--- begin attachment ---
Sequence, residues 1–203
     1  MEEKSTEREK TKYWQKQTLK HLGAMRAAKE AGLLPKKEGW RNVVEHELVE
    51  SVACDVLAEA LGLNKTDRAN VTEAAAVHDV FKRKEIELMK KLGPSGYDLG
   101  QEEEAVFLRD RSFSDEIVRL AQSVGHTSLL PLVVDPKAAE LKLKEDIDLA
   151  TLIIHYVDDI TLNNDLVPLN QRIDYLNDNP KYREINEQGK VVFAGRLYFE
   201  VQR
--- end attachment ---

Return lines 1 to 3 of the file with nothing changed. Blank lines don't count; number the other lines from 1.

Sequence, residues 1–203
     1  MEEKSTEREK TKYWQKQTLK HLGAMRAAKE AGLLPKKEGW RNVVEHELVE
    51  SVACDVLAEA LGLNKTDRAN VTEAAAVHDV FKRKEIELMK KLGPSGYDLG